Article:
The transcript of Telstra’s unsuccessful application for special leave has now been posted here.
The Sydney Morning Herald speculates that Telstra is seeking talks with the Attorney General “to close the loophole”.
One consequence of the High Court’s revolution in copyright law is that the privacy regime which prevents the use of the Integrated Public Number Database (and IPND Industry Code) to create reverse-number directories has been undermined.
As its name suggests, a reverse-number directory is one where you have the telephone number and you can use it to identify who the subscriber is. Now, you may question whether that is an invasion of privacy (and many people happily (or maybe unknowingly) permit their telephone number to be transmitted to the person they are calling, but Parliament, the ALRC and the Privacy Commissioner (pdf see p. 402) have taken the view that it is, or should be.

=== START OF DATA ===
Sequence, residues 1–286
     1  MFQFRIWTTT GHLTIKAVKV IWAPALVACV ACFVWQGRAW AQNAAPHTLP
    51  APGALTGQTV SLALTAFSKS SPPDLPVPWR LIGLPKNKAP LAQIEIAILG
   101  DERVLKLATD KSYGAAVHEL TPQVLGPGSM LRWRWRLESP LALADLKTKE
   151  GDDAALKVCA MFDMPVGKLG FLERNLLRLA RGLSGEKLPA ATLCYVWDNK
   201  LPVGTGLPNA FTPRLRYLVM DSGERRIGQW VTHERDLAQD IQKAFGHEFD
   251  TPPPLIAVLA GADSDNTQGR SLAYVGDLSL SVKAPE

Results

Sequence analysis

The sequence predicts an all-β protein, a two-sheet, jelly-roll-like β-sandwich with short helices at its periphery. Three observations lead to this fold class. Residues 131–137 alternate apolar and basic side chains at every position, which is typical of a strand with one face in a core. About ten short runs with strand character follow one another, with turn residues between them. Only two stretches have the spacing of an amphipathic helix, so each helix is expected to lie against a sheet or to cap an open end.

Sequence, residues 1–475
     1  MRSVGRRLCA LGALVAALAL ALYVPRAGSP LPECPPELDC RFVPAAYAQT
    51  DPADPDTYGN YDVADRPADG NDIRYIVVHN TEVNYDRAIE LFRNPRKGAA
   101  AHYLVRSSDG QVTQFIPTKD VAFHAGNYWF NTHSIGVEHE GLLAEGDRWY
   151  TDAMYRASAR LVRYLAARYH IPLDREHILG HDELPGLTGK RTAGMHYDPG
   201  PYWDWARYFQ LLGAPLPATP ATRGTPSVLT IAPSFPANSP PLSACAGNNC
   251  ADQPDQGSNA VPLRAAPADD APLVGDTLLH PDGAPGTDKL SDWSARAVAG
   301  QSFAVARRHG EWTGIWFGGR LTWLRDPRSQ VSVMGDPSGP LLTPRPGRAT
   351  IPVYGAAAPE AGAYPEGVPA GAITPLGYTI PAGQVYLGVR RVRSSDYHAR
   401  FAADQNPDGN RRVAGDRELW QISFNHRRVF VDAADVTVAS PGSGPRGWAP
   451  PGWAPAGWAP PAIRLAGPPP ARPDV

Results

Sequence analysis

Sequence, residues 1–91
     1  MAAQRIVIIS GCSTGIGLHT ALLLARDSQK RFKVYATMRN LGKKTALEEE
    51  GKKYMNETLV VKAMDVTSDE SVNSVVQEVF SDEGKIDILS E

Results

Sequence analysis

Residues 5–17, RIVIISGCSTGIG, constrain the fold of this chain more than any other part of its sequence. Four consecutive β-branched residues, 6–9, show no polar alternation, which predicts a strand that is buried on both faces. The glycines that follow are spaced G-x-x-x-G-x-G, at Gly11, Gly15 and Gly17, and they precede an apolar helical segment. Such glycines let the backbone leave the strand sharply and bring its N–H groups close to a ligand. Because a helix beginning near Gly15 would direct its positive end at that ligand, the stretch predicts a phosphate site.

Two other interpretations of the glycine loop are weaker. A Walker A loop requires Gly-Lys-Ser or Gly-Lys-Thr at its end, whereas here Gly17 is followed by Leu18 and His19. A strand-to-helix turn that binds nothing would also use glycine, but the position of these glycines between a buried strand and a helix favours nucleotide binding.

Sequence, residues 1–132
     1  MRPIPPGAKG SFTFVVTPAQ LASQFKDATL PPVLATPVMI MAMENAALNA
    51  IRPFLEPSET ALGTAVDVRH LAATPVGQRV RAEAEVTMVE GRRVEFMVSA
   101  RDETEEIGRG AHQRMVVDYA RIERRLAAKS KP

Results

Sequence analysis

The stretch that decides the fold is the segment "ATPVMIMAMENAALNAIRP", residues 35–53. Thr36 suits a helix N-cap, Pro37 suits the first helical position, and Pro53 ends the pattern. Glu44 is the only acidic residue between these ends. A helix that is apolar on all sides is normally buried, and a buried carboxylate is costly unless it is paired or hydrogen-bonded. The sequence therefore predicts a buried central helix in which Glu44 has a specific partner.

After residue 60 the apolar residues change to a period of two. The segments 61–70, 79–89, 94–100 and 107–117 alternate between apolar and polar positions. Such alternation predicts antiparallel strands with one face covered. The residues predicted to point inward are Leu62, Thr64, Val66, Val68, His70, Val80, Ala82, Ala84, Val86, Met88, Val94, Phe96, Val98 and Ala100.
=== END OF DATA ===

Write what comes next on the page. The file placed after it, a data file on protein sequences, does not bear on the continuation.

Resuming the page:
Now, it could well be argued that
copyright (I mean) a sui-generis database protection right would be a blunt instrument for protection of privacy and that privacy concerns would be better addressed, if necessary, by amending privacy laws. The economic case for database protection, therefore, would be key.
The Full Federal Court’s decision from which leave was not granted.